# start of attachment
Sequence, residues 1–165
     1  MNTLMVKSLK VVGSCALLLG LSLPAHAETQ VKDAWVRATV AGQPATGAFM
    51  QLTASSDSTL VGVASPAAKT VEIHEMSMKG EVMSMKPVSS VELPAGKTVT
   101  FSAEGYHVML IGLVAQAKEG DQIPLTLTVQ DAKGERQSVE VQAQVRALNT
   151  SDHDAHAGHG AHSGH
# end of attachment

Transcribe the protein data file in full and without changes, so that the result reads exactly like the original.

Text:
Sequence, residues 1–165
     1  MNTLMVKSLK VVGSCALLLG LSLPAHAETQ VKDAWVRATV AGQPATGAFM
    51  QLTASSDSTL VGVASPAAKT VEIHEMSMKG EVMSMKPVSS VELPAGKTVT
   101  FSAEGYHVML IGLVAQAKEG DQIPLTLTVQ DAKGERQSVE VQAQVRALNT
   151  SDHDAHAGHG AHSGH